I want to remove the DC from a ADC, so I designed a two-pole, 1 Hz high-pass Butterworth filter for a signal sampled at 10kHz. The filter coefficients are:

a =  [ 0.99955581 -1.99911162  0.99955581] (a0, a1, a2)
b =  [ 0.          1.99911142 -0.99911182] (don't use, b1, b2)

Once the filter gets going (after 1 second) it work great, but it has a wicked response in that first second. I tried initializing the first two y's with both 0's and the future 1 second average. Testing the filter with white noise, here is an example of the initial transient. The initial variance of the white noise is 1 and the transient wanders up to 370 before settling down! enter image description here

Question: What, if anything, can I do to calm this down?

BTW, my one-pole filter doesn't do this! Is it a stability issue with the two pole filter with a large ratio of sample frequency to cutoff frequency?

  • $\begingroup$ Yes, it's "kind of" a stability issue: Butterworth has maximum flatness in passband (that's why it's popular), but you pay for that in ripple in the stopband/transition. In this extreme case, it seems, that ripple might have a high amplitude. $\endgroup$ Aug 21, 2018 at 21:32
  • 1
    $\begingroup$ The tighter the filter, the longer the impulse response in time, so makes sense that your highpass with a 1Hz cutoff would take 1 second to settle (and likewise your 100 Hz highpass would take approximately 1/100 = 10 ms which we can't see on the resoluiton of this plot. $\endgroup$ Aug 21, 2018 at 23:43
  • $\begingroup$ What's with your comment "don't use b1 & b2". You should definitely use b1 and b2, otherwise its not a high pass filter and you have gigantic boost at low frequencies. Your coefficients look strange, something isn't right there $\endgroup$
    – Hilmar
    Aug 22, 2018 at 17:11
  • $\begingroup$ I define an array b and don't use element b[0], but do use b[1] & b[2] $\endgroup$ Aug 23, 2018 at 14:25

2 Answers 2


OK, I found the solution. Remember the question was about initializing the digital high-pass filter. Remember it is recursive so there is feedback.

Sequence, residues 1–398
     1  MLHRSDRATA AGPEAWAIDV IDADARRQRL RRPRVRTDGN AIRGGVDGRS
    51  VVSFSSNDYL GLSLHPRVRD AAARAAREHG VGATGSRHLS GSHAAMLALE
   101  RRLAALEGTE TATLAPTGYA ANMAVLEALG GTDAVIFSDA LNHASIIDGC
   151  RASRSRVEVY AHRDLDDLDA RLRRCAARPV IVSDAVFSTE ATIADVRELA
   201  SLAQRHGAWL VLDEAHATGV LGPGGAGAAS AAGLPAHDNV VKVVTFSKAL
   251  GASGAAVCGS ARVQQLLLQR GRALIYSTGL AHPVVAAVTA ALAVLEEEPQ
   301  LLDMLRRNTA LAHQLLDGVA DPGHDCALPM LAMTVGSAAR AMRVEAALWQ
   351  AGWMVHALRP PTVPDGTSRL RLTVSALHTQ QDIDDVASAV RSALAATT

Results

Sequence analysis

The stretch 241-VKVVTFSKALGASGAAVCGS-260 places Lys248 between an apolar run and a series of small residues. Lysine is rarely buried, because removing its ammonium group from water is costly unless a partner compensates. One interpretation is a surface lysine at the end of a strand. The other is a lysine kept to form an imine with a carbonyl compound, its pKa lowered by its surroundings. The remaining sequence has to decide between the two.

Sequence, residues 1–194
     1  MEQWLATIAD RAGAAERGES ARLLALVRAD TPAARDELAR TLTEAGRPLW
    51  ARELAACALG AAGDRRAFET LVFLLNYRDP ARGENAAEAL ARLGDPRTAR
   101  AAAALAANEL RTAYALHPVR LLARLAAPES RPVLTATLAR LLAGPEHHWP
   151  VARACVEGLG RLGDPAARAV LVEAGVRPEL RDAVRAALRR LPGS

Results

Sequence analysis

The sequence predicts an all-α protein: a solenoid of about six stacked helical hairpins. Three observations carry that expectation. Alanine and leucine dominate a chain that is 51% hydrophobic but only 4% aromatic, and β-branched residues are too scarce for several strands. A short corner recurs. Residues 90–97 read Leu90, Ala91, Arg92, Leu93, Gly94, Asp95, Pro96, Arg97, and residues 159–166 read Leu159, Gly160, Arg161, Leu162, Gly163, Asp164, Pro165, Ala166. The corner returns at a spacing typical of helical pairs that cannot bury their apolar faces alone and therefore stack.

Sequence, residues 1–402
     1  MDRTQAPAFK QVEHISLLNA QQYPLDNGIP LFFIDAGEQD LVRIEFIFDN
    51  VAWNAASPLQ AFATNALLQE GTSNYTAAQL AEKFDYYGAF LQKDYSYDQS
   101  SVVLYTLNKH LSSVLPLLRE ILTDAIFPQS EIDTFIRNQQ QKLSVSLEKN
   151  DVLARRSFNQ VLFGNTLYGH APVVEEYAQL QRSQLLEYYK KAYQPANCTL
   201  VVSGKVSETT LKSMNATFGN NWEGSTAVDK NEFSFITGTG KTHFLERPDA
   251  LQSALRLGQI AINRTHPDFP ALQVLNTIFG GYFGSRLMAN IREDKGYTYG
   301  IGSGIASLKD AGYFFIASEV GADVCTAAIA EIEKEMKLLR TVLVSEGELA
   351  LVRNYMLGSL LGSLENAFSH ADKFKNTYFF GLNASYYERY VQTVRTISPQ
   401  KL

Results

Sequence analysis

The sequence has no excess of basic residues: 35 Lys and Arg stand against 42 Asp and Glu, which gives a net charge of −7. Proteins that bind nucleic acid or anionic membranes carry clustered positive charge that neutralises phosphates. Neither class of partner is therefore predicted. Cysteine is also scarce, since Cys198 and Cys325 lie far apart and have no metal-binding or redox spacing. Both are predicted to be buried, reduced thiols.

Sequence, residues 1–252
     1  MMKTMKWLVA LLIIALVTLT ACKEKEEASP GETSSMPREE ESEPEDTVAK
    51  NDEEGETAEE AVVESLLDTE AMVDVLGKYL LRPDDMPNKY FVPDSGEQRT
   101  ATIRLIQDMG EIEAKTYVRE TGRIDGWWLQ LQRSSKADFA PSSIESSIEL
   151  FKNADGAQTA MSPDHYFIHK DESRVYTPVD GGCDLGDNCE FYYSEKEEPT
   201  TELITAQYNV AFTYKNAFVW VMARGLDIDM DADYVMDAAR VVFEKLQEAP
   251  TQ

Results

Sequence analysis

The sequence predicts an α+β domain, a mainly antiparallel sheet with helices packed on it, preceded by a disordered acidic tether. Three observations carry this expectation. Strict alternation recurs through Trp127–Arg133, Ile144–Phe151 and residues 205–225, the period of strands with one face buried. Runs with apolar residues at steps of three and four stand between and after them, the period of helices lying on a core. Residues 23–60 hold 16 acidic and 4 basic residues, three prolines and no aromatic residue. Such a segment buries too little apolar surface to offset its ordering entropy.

Solution: Initialize the first two outputs to the input signal.

For my posted problem I set y_0 = y_1 = 0.0 and the filter did the huge wander before settling. After reading your responses and trying different things I thought, "Maybe the problem is that by setting the first two outputs to zero or the average of the first N inputs is doing the opposite of what I want. Zeroing the initial y's is low-passing the signal not high-passing it." I then initialized the filter by setting y_0 = x_0 and y1 = x1. Voila! no initial transient.

Thanks for your feedback; it got me thinking.Initialize hi-pass with <code>y_0=x_0</code> and <code>y_1 = x_1</code>


See related question: Is initializing a digital filter's output with no "momentum" a non-trivial task?

The easy way is to subtract, prior to filtering, from each input sample the first input sample. This will eliminate the step in the beginning, avoiding the wavy step response. That's roughly what the other original poster said they did. Or because you have noise, you can take the average of the first few input samples as a better estimate of the DC bias and subtract that from each input sample, prior to filtering.

If you want to save the work of subtracting then changing the filter's state variables in the beginning is the way to go, and my answer to the linked question shows how to do that (with $x$ as the estimated DC bias and $y=0$ as you have a high-pass filter with zero DC response but this can be validated). Not sure if you can easily touch the state variables in your prototyping environment without rewriting the filter code.


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